New artwork in the north and south of Gawler Place will extend the City of Adelaide’s ongoing acknowledgement of the Kaurna people as the First Nation people of the Adelaide Plains while demonstrating respect for their connection to Country in both past, present and future living culture.
The artwork wraps, titled Tracking Connections, will cover two services boxes. They have been designed as part of a collaboration between artist Laura Wills, who co-created the ‘Flow’ artwork in Gawler Place north (with Will Cheesman), and Kaurna, Narungga and Ngarrindjeri artist Carly Tarkari Dodd.
The artists explored mapping elements and imagery from the Adelaide Park Lands and also used some of the ‘hidden’ elements that have been incorporated into the existing Gawler Place ‘Flow’ artwork.
The aim of the two unique artwork wraps is to engage visitors as well as bring a strong reflection of place, creating an immersive experience to activate the street and encourage people to slow down and absorb the work.
Lord Mayor of Adelaide Sandy Verschoor said that the inclusion of these artworks in the upgraded Gawler Place acknowledges the City of Adelaide’s commitment to reconciliation, in this case through public art.
“The Tracking Connections pieces bring the Park Lands into Rundle Mall, drawing inspiration from nature and the seasons and acknowledging the importance of the Park Lands to the people of Adelaide. The artworks will be a unique artistic drawcard to the area,” said the Lord Mayor.
“The City of Adelaide values its culturally diverse community and is committed to extending the process of reconciliation in partnership with Aboriginal and Torres Strait Islander Peoples.
“This is evident through our current Stretch Reconciliation Action Plan 2018-2021 where we commit to 50 deliverables and 100-plus actions all in support of reconciliation and celebration of our First Nation peoples of South Australia. The city has a strong Aboriginal history and, today, has a strong and active community.
“I congratulate the artists on creating these wonderful artworks that will help increase Kaurna visibility and awareness in the city.”
Laura Wills is an artist based in Tarntanya/Adelaide. Laura is interested in creating works that are communicative in nature and connect people to the environment, exploring themes such as mapping, shelter, the environment, botanical relationships and food security issues. She is currently working from Central Studios in Kent Town.
Carly Takari Dodd is a proud Kaurna, Narungga and Ngarrindjeri artist who is passionate about expressing her Aboriginal heritage through art and storytelling. Her most recent exhibition project, Shackled Excellence, was presented at The Mill as part of Tarnanthi in 2019.
Two other new artworks that connect the city to its Traditional Owners are Kardi Munta (Emu Net) and Kardi (Emu), two sculptures in Pityarilla / Pelzer Park (Park 19). In a partnership between the City of Adelaide and the State Government of South Australia, they bring to life a Kaurna story of the area as told by Senior Kaurna Elder, Aunty Lynette Kua Nepotinna Crocker. The sculptures have been created by artist Paul Mantirri Munaitya Herzich, who is a descendant of the Ngarrindjeri and Kaurna people of South Australia, and also a descendant of German Lutherans who migrated to Hahndorf in 1838. Paul is a contemporary Aboriginal landscape architect and visual artist who has a focus on Aboriginal peoples, art and country.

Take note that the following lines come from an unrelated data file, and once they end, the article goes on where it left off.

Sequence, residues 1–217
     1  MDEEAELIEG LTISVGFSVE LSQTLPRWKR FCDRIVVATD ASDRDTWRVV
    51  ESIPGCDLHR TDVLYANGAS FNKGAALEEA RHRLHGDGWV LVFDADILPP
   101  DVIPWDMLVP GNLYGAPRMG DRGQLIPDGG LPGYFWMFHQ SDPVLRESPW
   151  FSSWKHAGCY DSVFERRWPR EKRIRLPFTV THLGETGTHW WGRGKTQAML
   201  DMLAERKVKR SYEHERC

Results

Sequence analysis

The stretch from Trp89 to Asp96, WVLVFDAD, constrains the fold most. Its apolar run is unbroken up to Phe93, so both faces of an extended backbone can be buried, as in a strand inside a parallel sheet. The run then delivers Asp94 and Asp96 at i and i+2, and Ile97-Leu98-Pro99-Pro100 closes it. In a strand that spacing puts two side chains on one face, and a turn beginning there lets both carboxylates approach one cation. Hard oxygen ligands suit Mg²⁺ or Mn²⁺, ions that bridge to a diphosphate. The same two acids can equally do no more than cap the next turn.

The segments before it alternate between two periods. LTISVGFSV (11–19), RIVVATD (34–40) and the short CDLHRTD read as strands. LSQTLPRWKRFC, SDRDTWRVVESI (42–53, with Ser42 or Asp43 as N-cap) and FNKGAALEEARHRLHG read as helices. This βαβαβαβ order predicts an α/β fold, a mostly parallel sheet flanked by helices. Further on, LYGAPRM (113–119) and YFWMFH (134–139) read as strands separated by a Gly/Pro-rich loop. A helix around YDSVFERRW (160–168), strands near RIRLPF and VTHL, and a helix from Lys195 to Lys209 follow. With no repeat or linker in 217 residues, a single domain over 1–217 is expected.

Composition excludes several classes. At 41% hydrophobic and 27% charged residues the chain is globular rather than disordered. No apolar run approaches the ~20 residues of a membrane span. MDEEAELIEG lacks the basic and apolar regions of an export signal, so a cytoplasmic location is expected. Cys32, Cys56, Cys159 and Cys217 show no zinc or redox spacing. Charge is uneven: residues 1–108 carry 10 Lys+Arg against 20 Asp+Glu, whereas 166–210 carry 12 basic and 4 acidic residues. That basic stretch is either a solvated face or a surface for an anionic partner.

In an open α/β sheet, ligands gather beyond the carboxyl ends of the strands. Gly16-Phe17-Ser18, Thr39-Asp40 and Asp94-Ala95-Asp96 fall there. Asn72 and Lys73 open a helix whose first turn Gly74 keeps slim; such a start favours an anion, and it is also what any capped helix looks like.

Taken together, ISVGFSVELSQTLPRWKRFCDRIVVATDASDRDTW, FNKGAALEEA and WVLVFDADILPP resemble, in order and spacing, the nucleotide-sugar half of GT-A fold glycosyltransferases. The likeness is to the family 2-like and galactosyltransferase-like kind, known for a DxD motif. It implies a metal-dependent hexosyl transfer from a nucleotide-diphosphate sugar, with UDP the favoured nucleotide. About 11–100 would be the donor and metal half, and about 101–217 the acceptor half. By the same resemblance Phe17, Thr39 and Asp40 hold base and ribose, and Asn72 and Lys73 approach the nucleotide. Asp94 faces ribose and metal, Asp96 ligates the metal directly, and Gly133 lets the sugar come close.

The installation captures a moment in time when Kaurna people would build strong nets to capture larger game, as opposed to their finer nets made from strings and plant fibres to capture fish and smaller birds like ducks. The nets were so strong they were able to capture emu.
A yarning or learning circle sits in the middle of these cultural markers and provides opportunities for Kaurna Elders to celebrate the living Kaurna culture by sharing knowledge of their people; past, present, and future.
The City of Adelaide embarked on a journey of reconciliation with its Aboriginal and Torres Strait Islander community in 1997.
A reconciliation vision statement was developed through a process of negotiation and consultation with members of the local Aboriginal communities. The process was followed in 1998 in developing the National Sorry Day Acknowledgement. In May 2008, Council adopted its first Reconciliation Action Plan, which provided a framework for the implementation of Council’s Reconciliation Vision Statement and National Sorry Day Acknowledgement.
‘Respect, relationships and opportunities’ are the base of the current City of Adelaide Stretch Reconciliation Action Plan 2018-2021, the eleventh to be adopted since the City of Adelaide first embarked on a journey of reconciliation. In 2002, the City of Adelaide established a formal Reconciliation Committee with goals to advance reconciliation between Aboriginal and Torres Islander peoples and the wider City of Adelaide community.
The Kaurna people are the Traditional Owners and Custodians of the Adelaide Plains. The extent of Kaurna Country covers approximately 8,000km² or 2,000,000 acres extending from Cape Jervis in the south to Redhill in the north, Williamstown in the east and includes most of the eastern coastline of Saint Vincent Gulf.
Prior to European contact, the Kaurna population may have numbered several thousand, but the population had sadly reduced to about 700 by the time the colony of South Australia was formally established in 1836. However a triumphant moment occurred on 21 March 2018 for the Kaurna people and wider Aboriginal communities as nations collectively celebrated the fact that 182 years later, Native Title consent determination was made, and the Kaurna people were officially recognised as the Traditional Owners of this land by the higher courts of Australia.